When Self-Help Turns Toxic: Why We Can’t Always Be Rational

In Cognitive Behavioral Therapy, there’s a process labeled cognitive restructuring, wherein beliefs are explored in a systemic manner to confirm or disconfirm them. For example, you’ll search for the evidence for and against the belief that you’re a failure. Some of my clients, especially the men, begin treatment enthusiastically, hoping to quickly learn and master the process, reaching the pinnacle of psychotherapy.

While treatment is meant to have an end-point, it isn’t anywhere near as linear as those clients hope for it to be. And most of them hate having to revisit old ideas and methods, asking, “Why do I have to keep doing this if I already know it?” Unfortunately, knowing something, or having already succeeded, isn’t enough; that’s an elemental fact of life, rather than an indicator of personal failure. But it’s easy to perceive it through the lens of the latter. We often wonder about the link between self-acceptance and self-enhancement, looking to therapy, self-help, entertainment, and significant others for answers. Yet, the world fills us with contradictory information about what we should aspire to, making it almost impossible to decide. And for the obsessive types, the perfectionists attempting to mold themselves into super-humans, advice is a cudgel, no matter how inconsistent.

Generally, many use self-help, which includes CBT skills, to the same ends that Jay Gatsby used his own internal resources, for perpetual progress, to go up, up, up. And while this process works well for some time, it eventually falls apart, causing its pupil to toss it from the pedestal it was placed on.

We can’t separate ourselves from our weak memories, our abilities to handle stress, and how overwhelmed our prefrontal cortices become by it; essentially, we aren’t simply comprised of pure free-will. Having to go backwards, to reuse the tools of cognitive restructuring, feels like a failure when we start to doubt whether we were ever successful at all. “If I already know this, then why do I have to do it again?” Because when you’re overwhelmed with sadness and anxiety and all you have is a vague recollection of using the rational thought process, your doubting mind will be too skeptical to accept your new conclusion; it will demand further proof. (While he emphatically states that he already knows something, the contrarian part of my client asks, ” Isn’t that what I’m supposed to believe?!”) And, sometimes, the environmental stress is so overwhelming that our ability to reason becomes completely clouded. In those periods, no matter what others say, or what we tell ourselves, we just don’t believe it, reverting back to past explanations for why positive evidence isn’t “really” evidence. Ultimately, our feelings engulf us.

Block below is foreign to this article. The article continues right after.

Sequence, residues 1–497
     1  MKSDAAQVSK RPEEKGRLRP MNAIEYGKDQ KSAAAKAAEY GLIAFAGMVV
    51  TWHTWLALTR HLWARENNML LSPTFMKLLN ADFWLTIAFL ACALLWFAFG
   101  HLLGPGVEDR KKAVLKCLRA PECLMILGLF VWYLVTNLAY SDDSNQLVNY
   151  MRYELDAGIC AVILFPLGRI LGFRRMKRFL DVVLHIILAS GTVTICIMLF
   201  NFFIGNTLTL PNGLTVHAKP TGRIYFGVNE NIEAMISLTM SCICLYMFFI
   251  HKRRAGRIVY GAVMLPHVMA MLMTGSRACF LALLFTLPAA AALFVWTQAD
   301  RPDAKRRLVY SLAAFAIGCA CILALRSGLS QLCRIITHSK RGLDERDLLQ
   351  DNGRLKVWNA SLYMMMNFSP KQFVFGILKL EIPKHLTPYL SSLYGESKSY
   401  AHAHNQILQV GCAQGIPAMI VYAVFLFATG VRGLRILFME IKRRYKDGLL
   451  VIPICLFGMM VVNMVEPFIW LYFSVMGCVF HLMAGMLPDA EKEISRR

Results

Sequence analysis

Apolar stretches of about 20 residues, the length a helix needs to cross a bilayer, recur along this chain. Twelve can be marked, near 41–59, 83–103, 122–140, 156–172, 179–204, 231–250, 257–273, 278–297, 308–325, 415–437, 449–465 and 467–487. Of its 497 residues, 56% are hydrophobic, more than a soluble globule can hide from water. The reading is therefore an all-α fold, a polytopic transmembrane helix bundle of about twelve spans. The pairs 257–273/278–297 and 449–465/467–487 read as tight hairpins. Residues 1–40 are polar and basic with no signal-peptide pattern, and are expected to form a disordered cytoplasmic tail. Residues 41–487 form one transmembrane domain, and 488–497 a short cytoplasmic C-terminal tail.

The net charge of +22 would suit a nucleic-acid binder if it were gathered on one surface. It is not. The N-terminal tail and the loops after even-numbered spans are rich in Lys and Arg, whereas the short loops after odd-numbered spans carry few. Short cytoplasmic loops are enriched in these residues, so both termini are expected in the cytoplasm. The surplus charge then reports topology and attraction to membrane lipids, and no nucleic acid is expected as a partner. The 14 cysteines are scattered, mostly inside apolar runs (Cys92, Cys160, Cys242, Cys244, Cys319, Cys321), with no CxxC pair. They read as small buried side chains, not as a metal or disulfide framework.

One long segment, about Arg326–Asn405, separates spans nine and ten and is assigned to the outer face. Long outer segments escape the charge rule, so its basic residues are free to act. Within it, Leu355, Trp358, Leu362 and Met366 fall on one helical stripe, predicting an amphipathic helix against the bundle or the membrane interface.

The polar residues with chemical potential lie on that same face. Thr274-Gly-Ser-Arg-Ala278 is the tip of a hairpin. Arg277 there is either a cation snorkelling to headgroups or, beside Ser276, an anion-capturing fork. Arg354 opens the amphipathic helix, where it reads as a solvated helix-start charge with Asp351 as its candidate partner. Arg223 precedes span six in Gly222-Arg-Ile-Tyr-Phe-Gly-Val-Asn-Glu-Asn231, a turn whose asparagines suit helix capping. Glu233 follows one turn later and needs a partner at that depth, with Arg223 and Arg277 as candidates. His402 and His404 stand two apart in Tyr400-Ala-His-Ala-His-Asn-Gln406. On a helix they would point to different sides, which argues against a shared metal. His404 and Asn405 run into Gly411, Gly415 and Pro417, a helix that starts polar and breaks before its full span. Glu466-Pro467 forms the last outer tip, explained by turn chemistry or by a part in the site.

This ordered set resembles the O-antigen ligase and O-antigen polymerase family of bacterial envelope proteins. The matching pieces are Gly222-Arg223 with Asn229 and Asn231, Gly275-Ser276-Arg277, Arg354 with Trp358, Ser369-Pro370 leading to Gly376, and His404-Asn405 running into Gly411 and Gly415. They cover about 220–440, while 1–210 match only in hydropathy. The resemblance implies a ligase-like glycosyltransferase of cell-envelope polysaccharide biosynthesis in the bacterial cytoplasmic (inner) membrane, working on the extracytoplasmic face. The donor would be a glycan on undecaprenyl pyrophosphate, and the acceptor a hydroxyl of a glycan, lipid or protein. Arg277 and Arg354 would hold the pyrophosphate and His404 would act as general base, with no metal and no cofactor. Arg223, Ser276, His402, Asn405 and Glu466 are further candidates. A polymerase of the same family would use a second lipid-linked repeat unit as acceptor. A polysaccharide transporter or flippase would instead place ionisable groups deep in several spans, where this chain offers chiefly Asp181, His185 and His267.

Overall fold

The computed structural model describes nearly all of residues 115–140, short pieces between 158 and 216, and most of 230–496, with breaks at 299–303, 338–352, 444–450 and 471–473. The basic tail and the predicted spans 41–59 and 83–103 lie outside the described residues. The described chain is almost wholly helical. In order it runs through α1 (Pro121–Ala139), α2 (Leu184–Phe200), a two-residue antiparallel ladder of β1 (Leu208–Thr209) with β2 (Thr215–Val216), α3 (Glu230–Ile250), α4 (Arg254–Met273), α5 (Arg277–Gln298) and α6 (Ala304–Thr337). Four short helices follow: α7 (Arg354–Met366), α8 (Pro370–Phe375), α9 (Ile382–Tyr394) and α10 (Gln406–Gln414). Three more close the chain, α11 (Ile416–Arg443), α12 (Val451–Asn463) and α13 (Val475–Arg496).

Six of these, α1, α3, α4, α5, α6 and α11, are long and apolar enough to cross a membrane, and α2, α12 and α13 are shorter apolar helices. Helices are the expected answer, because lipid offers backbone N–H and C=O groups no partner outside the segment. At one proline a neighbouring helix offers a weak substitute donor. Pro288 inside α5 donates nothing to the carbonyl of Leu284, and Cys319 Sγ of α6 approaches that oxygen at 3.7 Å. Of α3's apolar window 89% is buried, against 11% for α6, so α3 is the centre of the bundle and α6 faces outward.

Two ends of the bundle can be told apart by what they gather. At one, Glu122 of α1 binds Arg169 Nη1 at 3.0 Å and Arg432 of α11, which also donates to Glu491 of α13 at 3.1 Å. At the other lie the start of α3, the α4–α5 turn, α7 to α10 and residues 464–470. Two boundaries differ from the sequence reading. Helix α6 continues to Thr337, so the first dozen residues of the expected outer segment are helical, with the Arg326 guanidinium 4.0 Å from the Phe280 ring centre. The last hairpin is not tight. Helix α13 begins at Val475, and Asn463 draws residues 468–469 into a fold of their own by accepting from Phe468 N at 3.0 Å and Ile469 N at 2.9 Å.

Albert Ellis, the founder of Rational-Emotive Behavior Therapy and self-help guru, was known to chastise his patients for not being rational. To him, like for the above-noted clients, once you’ve learned the tools, reason is firmly in your possession. And the self-help industry, in general, is full of charlatans imploring you to take on more responsibilities. Some parents, teachers, and other authority figures seem to believe that minds are machines, functioning according to knowable rules. And, in a perfect environment, they usually do. It’s much easier to be rational when you aren’t living in hell.

So, we often hate having to relearn and revisit old formulas. One of my clients asked me, “How can I get to a point where, after using these tools, I can finally trust my brain not to make stupid mistakes?” Really, it’s a great question. He’s asking if there are any foolproof methods to becoming an exceptional thinker. And for someone like me, who continually struggles accepting his own emotional side, it’s a question for which I wish there were a better answer. Even if you utilize the CBT skills frequently and consistently, even if you become a proficient thinker, your mind will, sometimes, still let you down. They say practice makes perfect, but, in realty, practice merely increases the probability of a perfect performance; that’s all.

If you’re looking to therapy and self-help to master and conquer, you’ll find that you’re consistently disappointed in yourself. At best, we can only live in harmony with our emotions, choosing to take them and their accompanying thoughts seriously because they frequently tell us something important about ourselves and the life all around us, if not the full truth. Sometimes, they’ll exaggerate and, at others, they’ll minimize. Sometimes, our minds will save us from chaos and, at others, they’ll cause it. I’m sorry to say that these are some of the existential facts of reality. But, now maybe you’ll give yourself at least a short break.

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